What Happens If an Infusion Nurse Has Trouble Gaining Access to a Patient’s Vein/Central Line?
One of the first tasks infusion nurses must perform when taking care of their patients is assessing the patency of the line. As any nurse will attest to, the inability to access a line can be very frustrating and, depending on the line, may require special interventions.
The inability to access a peripheral IV line is probably the easiest to deal with. Most nurses can pop a new peripheral IV in fairly quickly, especially infusion nurses who perform IV starts frequently throughout their shift and are therefore extremely skilled at finding veins on some of the most challenging IV starts. Some infusion nurses even have specialized equipment to help find deep or tiny veins. For example, a doppler can be used.
PICC lines are a bit more challenging. There can be a few reasons why a PICC cannot be accessed; it may be clotted, or the line may be dislodged. Infusion nurses must first determine the cause as to why it cannot be used. A clotted line won't flush or is "sluggish" when flushing. Infusion nurses can try a few techniques to try to get the line flushed, such as gentle flushing using a push-pause method, having the patient turn their head, or repositioning the arm. If those methods fail, tissue plasminogen activator (tPA) may be required.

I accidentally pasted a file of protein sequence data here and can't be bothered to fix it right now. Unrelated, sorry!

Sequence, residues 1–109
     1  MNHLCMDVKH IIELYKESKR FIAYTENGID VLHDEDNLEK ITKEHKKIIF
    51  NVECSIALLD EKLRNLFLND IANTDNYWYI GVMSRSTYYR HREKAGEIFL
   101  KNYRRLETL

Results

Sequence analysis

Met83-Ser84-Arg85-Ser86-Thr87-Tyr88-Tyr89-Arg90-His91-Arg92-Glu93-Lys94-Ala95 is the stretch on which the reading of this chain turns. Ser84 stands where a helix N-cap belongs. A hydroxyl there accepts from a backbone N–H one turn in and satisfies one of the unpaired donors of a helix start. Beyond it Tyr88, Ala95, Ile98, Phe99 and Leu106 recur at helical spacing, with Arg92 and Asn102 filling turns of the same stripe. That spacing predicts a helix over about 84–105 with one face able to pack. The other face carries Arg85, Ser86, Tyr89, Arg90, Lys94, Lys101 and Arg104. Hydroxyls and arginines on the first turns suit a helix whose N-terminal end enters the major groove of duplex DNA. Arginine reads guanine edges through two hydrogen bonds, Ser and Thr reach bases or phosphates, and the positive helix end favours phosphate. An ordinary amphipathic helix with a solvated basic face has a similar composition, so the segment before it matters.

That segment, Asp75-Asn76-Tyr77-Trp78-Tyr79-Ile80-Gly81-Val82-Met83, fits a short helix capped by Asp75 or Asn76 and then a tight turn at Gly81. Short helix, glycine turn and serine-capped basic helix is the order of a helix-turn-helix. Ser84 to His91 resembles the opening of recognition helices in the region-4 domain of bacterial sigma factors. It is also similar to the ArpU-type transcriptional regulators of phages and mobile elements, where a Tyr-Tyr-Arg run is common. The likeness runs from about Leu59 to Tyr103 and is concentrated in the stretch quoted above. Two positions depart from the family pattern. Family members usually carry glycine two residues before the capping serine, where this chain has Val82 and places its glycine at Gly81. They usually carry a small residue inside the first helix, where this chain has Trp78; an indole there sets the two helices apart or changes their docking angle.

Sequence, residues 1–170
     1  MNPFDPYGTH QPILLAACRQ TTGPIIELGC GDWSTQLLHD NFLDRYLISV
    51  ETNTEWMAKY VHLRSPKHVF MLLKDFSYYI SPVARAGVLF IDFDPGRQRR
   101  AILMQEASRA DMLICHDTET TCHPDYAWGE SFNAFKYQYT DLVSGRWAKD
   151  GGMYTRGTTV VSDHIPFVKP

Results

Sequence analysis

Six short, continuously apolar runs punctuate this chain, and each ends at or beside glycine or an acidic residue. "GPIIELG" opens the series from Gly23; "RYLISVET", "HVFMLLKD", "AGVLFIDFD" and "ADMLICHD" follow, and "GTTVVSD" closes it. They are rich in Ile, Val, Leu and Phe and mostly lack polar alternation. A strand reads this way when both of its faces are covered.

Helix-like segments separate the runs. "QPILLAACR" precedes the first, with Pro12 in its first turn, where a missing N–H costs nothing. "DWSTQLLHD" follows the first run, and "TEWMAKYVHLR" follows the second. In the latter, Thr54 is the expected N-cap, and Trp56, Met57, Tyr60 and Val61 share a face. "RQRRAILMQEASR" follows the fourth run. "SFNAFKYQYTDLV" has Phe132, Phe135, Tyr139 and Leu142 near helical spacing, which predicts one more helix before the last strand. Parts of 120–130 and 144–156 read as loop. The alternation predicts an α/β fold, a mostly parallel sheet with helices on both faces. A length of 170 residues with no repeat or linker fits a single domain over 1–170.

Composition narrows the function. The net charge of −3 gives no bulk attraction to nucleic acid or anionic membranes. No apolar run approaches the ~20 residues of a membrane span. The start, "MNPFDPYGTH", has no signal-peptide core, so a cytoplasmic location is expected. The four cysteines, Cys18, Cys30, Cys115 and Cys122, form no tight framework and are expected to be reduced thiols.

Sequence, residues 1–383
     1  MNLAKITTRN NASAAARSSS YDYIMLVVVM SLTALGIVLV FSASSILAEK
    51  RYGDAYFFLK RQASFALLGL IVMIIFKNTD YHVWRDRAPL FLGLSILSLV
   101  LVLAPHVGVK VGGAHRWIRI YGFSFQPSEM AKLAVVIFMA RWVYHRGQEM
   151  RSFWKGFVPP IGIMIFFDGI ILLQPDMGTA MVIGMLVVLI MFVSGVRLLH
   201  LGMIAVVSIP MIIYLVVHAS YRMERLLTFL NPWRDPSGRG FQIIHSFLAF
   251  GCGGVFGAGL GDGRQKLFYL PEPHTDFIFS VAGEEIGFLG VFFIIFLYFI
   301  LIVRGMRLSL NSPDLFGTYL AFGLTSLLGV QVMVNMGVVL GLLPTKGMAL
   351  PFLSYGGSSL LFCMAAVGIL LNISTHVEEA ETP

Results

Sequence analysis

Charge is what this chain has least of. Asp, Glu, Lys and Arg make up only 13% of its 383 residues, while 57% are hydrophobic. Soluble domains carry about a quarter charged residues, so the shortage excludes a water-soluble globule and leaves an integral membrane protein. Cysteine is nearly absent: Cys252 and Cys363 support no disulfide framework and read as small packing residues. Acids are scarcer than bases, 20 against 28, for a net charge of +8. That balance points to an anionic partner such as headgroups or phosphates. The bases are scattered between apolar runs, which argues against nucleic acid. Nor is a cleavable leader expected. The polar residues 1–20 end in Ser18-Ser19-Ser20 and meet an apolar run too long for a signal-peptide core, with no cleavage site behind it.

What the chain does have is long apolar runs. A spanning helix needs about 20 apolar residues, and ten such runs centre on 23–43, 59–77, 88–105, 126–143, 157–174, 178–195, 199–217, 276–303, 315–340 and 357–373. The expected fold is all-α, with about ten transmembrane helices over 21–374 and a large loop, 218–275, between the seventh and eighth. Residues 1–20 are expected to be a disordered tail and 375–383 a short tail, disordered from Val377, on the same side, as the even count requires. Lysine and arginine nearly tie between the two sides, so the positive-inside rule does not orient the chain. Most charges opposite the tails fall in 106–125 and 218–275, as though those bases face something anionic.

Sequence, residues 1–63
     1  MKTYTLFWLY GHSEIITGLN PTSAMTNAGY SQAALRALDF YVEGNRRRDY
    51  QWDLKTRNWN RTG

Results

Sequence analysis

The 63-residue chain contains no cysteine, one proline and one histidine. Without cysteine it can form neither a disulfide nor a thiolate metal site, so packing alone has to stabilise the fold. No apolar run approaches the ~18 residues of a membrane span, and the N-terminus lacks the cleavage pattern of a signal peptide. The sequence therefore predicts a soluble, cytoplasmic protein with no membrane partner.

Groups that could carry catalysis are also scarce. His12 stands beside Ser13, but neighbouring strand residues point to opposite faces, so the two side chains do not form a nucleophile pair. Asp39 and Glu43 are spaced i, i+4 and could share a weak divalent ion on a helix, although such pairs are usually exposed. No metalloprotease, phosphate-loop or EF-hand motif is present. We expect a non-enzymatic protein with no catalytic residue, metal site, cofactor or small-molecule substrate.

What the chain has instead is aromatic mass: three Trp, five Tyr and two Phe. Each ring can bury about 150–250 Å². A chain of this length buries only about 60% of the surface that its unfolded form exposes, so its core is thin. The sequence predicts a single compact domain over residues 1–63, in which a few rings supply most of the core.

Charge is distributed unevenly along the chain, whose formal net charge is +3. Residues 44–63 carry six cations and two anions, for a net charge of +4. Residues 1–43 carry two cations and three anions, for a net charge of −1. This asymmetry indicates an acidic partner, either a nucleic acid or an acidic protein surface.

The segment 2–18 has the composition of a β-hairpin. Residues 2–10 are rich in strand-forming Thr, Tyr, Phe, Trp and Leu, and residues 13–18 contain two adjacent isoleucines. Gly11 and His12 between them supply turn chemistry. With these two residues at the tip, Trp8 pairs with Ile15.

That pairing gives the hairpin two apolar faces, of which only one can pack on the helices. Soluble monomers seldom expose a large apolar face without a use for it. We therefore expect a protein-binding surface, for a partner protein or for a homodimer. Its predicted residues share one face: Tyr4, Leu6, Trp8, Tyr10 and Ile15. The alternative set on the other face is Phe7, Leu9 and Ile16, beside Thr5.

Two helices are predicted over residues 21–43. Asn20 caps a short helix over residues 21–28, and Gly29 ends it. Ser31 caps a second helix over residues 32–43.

A PICC line may also be dislodged, which may be discovered when external catheter length is measured. An X-Ray may be required to find out where the end terminates and whether or not it can still be used (depending on the infusion needed). If it cannot be used, a new PICC line must be inserted by a specially trained nurse.
Central venous ports are also a little more complicated if infusion nurses are unable to access. They are surgically implanted, so the inability to access a port can make even the most seasoned infusion nurse worry. The port may be clotted, and also may require a de-clotting agent. It may also help to reposition patients to see if that is the reason why it is occluded. Sometimes the access needle needs to be repositioned as well.
There are many troubleshooting tips infusion nurses have adopted with experience, but they should always be sure to follow their facility's policies and procedures and involve the physician and radiology as needed. They should also be up-to-date on current standards of care and practice with regards to the types of lines they manage in their day-to-day work.